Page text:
This Op-Ed written by FBR President Frankie Trull was featured in Newsweek on 13 May 2016.
The Zika virus just got more dangerous.
U.S. officials recently confirmed that the virus causes birth defects. Brazilian scientists, meanwhile, have discovered that it may also affect the brains of adults. Several patients with Zika are suffering from an illness similar to multiple sclerosis.
“Most of what we’ve learned is not reassuring,” said Anne Schuchat, principal deputy director of the Centers for Disease Control and Prevention.”
Fortunately, about 15 biopharmaceutical companies and a number of research universities are working on a vaccine to combat the Zika virus. Research animals — especially primates — will play an essential role in vanquishing it.
The CDC has confirmed that the virus causes microcephaly, whereby babies are born with noticeably smaller heads and underdeveloped brains. Brazil, the epicenter of the outbreak, is investigating nearly 5,000 suspected microcephaly cases associated with Zika virus infection.
Babies aren’t the virus’s only victims. In March, scientists posited a link between Zika and meningoencephalitis, a deadly type of brain inflammation. Another study found that the virus could cause Guillain-Barré syndrome, a disease that impairs muscle performance and can lead to paralysis.
Scientists discovered the Zika virus in Africa in the 1940s. Until recently, it was not considered a major public health threat. Consequently, little research had been conducted into the virus.
That’s about to change, largely through research involving animal models — including primates.
Some of the most promising work is under way at the University of California, Davis and the University of Wisconsin, Madison. Scientists are studying pregnant monkeys to better understand how Zika infects both mother and unborn child.
The two research teams — who are sharing their data with the public in real time — are comparing samples of the Zika virus from Africa, Asia, and South America. Because each strain has a unique set of mutations, researchers are investigating whether they behave differently in animal models. If so, the strains’ genetic variance may explain the different symptoms that have surfaced in different parts of the world.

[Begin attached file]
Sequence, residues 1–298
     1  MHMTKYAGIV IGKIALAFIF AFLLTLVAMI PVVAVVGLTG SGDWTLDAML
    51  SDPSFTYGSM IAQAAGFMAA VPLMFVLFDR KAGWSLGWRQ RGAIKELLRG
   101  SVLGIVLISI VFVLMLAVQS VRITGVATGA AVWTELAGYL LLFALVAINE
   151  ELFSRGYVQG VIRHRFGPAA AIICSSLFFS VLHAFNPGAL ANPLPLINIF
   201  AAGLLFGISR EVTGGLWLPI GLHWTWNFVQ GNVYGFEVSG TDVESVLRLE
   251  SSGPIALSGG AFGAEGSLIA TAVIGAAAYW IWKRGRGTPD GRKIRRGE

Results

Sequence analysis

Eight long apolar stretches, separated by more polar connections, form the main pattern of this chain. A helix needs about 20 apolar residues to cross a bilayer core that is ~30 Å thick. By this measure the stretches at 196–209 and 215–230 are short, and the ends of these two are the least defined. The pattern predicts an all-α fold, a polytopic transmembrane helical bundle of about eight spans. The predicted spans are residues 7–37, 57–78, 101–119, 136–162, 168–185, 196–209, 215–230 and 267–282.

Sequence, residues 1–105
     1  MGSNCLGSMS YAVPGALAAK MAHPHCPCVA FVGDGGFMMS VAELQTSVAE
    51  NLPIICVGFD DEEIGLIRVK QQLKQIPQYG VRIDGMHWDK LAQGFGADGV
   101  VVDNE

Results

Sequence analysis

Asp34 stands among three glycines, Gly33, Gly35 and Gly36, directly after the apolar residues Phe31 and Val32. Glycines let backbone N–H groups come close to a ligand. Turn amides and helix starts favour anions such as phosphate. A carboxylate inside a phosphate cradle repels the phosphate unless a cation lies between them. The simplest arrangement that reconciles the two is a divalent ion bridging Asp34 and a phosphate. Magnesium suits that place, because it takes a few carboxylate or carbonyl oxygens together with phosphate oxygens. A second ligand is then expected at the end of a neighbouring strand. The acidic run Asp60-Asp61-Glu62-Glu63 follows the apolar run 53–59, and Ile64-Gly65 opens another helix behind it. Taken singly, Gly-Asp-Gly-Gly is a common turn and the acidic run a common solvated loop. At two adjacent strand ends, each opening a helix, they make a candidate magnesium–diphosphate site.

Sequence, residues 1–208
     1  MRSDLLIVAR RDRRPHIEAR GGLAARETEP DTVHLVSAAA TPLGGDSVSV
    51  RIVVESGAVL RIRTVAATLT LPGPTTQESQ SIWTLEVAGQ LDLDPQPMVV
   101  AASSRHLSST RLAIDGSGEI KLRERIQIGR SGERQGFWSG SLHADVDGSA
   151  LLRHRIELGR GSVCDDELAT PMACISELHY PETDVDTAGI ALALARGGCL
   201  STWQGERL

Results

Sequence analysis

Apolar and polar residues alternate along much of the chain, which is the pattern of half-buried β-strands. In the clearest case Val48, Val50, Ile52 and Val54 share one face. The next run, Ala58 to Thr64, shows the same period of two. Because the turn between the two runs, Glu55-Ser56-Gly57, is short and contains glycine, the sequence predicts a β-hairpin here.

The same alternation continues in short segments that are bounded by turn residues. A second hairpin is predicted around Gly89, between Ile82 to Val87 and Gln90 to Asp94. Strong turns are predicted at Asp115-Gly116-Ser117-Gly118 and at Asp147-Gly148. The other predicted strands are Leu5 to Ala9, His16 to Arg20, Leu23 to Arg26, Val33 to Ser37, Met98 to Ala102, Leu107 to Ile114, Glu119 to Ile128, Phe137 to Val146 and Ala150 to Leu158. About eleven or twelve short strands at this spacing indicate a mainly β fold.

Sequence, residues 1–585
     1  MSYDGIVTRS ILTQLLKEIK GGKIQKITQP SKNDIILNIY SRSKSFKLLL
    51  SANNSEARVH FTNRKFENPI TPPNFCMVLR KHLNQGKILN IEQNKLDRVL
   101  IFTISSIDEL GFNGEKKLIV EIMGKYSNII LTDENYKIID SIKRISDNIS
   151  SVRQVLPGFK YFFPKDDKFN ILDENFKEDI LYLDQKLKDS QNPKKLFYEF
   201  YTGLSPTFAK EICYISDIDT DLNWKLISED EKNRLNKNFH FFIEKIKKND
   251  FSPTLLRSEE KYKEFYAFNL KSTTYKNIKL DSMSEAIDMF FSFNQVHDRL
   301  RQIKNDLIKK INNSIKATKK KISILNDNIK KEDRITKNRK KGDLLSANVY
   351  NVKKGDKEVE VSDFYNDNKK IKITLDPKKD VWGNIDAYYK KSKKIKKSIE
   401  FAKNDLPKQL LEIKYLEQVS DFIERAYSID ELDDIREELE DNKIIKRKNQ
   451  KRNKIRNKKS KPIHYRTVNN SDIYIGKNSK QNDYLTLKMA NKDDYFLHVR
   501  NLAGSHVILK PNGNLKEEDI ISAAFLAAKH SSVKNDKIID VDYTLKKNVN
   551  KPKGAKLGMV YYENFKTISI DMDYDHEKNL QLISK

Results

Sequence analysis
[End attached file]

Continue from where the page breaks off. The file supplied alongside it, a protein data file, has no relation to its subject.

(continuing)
Dr. David O’Connor of the Wisconsin team is currently testing animals infected with the virus to see if they develop immunity against re-infection. Meanwhile, scientists at the University of Texas Medical Branch just announced the discovery of a type of mouse that reacts to Zika just as humans do. That makes it ideal for testing possible treatments.
These animal models are paving the way toward a vaccine or cure for Zika. As California team researcher Koen Van Rompay put it, “When we study how the virus affects monkeys, it’s very predictive of how it affects people and that information enables us to develop vaccines to fight it.”
In order to understand how a disease progresses, researchers have to use a living system with a genetic makeup similar to that of humans. People share 95 percent of their genes with mice — the most popular model for animal research — and 98 percent with non-human primates, like rhesus macaque monkeys. These models provide crucial information about how humans respond to treatments.
Computer models or cells grown in a dish, by contrast, cannot provide an accurate picture of the progression of an infection in a whole living system. Examining how a disease behaves in animal models can teach us how it acts in humans.
Animal models also ensure human safety. Much of the research necessary to understanding Zika can’t be conducted on pregnant women because the process of taking amniotic fluid out of the womb — which determines if the virus is present — can cause miscarriages.
Animal research is behind virtually every medical treatment in existence. And we have all been the beneficiaries. Research in cows helped create the world’s first vaccine, which in turn eradicated smallpox. Trials with monkeys, dogs, and mice led to the polio vaccine. Drugs used to combat cancer, HIV/AIDS, Alzheimer’s, hepatitis, and malaria would not have been possible without research with non-human primates.
Now, the world needs a Zika vaccine. And while one is likely still some time away, animal research will be key to developing it.